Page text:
Shoulder pain - Rotator Cuff Tendonitis vs Tear
Bitterroot Orthopedics and Sports Medicine
A service of Marcus Daly Memorial Hospital
Michael Dolecki, MD
1200 Westwood Drive
Hamilton, MT 59840
Shoulder pain - Rotator Cuff Tendonitis vs Tear
Disorders of the rotator cuff are a common source of shoulder pain. The
rotator cuff is a group of 4 muscles (supraspinatus, infraspinatus, teres
minor and subscapularis), which attach the scapula or wing bone to the
humerus or bone of the upper arm. It allows one to abduct or lift overhead.
It also rotates the arm into any throwing motion. Without a good functioning
rotator cuff even simple reaching maneuvers can become difficult. Cushioning
the rotator cuff is a small sac called a bursa which allows the muscle/tendon
unit to glide easily during motion. Irritation or inflammation of the
bursa (bursitis) or tendon (tendonitis) can cause shoulder pain. This
is generally caused by repetitive reaching overhead or lifting. Eventually
the inflammation can lead to tearing or fraying of the tendon, initially
as a partial tear but can go on to complete tearing. An acute tear of
the rotator cuff tendon can occur with a fall or forceful injury to the
shoulder. If one cannot lift their arm overhead after a fall, evaluation
of a rotator cuff injury should be done. That evaluation could include
a physical examination, X-rays, and most likely an MRI scan. Since the
rotator cuff in a soft-tissue structure, it is best evaluated by an MRI.
These scans can not only distinguish inflammation/tendonitis from tearing,
they can determine the size of the tear and how much the tear has retracted.
This will then help determine treatment options which can vary widely
from therapy to major reconstructive surgery.
In the case of inflammatory problems like bursitis or tendonitis, initial
treatment is conservative and non-surgical. Non-steroid anti-inflammatory
medications (NSAID's) like ibuprofen or Naprosyn can be prescribed
to decrease inflammation and therefore pain. If ineffective, injections
of a steroid, cortisone, can be performed into the inflamed bursa/tendon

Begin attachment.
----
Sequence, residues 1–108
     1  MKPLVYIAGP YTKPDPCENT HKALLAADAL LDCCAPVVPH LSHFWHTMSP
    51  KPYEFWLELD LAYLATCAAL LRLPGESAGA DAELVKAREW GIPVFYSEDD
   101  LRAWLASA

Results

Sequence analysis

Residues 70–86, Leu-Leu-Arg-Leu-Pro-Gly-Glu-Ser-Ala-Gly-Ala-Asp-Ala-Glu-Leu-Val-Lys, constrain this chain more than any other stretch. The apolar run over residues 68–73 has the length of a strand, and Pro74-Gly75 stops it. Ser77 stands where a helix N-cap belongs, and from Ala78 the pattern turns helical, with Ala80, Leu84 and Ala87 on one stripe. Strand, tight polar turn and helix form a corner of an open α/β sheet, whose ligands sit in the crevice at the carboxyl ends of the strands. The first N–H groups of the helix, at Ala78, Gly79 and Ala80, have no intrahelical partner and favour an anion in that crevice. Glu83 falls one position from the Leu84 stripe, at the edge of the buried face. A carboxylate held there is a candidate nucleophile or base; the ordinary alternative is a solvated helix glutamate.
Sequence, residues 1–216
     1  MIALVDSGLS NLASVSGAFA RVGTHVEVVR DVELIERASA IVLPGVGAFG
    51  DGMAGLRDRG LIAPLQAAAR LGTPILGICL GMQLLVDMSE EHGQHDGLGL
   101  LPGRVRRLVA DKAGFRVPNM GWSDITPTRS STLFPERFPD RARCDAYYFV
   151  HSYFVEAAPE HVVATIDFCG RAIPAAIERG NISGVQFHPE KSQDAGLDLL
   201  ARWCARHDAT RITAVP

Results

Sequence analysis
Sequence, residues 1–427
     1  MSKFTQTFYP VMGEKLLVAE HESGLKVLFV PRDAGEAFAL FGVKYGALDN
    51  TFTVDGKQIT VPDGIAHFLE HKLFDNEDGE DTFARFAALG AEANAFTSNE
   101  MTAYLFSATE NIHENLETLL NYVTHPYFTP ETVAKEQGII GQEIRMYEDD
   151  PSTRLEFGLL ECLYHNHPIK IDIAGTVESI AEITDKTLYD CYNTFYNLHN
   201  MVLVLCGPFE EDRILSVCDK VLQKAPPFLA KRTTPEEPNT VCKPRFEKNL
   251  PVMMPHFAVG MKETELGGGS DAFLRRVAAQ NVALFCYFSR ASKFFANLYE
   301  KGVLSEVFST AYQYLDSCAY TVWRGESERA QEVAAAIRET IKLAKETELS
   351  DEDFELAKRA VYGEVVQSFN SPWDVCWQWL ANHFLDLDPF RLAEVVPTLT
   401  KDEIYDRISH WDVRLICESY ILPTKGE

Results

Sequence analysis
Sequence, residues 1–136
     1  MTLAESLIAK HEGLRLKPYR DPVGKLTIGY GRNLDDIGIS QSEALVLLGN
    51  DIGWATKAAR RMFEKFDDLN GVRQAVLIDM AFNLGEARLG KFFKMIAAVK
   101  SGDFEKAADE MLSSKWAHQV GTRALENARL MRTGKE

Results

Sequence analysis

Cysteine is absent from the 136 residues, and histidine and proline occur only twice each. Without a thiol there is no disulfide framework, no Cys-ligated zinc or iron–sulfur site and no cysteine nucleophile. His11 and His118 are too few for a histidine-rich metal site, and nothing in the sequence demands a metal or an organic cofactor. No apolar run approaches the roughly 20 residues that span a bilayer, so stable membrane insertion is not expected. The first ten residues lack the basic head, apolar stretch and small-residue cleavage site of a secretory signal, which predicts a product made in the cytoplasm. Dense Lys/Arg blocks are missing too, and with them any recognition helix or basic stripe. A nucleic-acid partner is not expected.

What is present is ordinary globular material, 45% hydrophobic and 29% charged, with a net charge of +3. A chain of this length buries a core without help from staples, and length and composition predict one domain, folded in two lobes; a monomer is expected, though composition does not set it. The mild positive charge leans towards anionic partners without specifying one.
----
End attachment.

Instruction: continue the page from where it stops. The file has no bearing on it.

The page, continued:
area. By putting the medicine right where it is needed via an injection,
it tends to be more effective. Adding physical therapy for modalities
such as ultrasound as well as guided exercises will allow the inflammation
to decrease and strength to improve. This process can take 3-4 months
to be fully effective.
In the case of rotator cuff tears, they can occur in a variety of shapes
and sizes. Small tears of less than 1 cm (1/2 in) are generally treated
like tendonitis without surgery. The same protocol of NSAID's and
physical therapy can heal smaller tears. If the tear is over a 1 cm in
size or if the tendon has retracted or pulled away from its normal attachment,
surgery is usually indicated. Surgical repair can be accomplished two
different ways - arthroscopic or with traditional open incisional surgery.
With arthroscopic surgery a scope is inserted through small incisions
to view and repair the torn rotator cuff.
The advantage of arthroscopic surgery is reduced damage to surrounding
tissues which can shorten the recovery time. The disadvantage is that
some tears are too large or retracted too far to repair through a scope,
in those cases performing surgery through an incision works best. With
either method of surgery, the torn rotator cuff is typically repaired
with anchor devices which re-attach the torn tendon to its proper bone
attachment. After the surgery the arm is placed in a sling device for
4 weeks to allow the tendon to heal. After 4 weeks, physical therapy is
started to gradually begin moving the shoulder.
Strengthening won't start for 2-3 months, and complete recovery typically
takes 6 months. Healing of rotator cuff injuries can be quite long as
compared to other Orthopaedic procedures.
Recommendation for surgery is age dependent. If one is over 65 years old
or has major health issues, surgery may not be recommended. In that instance,
physical therapy is recommended. In the case of a massive rotator cuff
tear that cannot be directly repaired and therapy has been ineffective
in restoring some function, the final treatment option is called a reverse
total shoulder replacement where the shoulder joint is replaced with a
metal and plastic device that does not require a rotator cuff for the
shoulder to function. In this extreme case, this major reconstructive
surgery can restore enough function to perform daily activities. The long
term outcome of this procedure is unknown since it has only been performed
for the past 5-7 years.
In summary, rotator cuffs disorders can range from inflammation to major
tears. The subsequent treatment can vary greatly. If you have a rotator
cuff problem, see your local Orthopaedic Surgeon for an evaluation and
outline of treatment options.
Questions and or comments regarding this week's health column please
contact Michael Dolecki, MD at Bitterroot Orthopedics and Sports Medicine,
a service of Marcus Daly Memorial Hospital, 1200 Westwood Drive, Hamilton,
MT 59840. Working together to build a healthier community!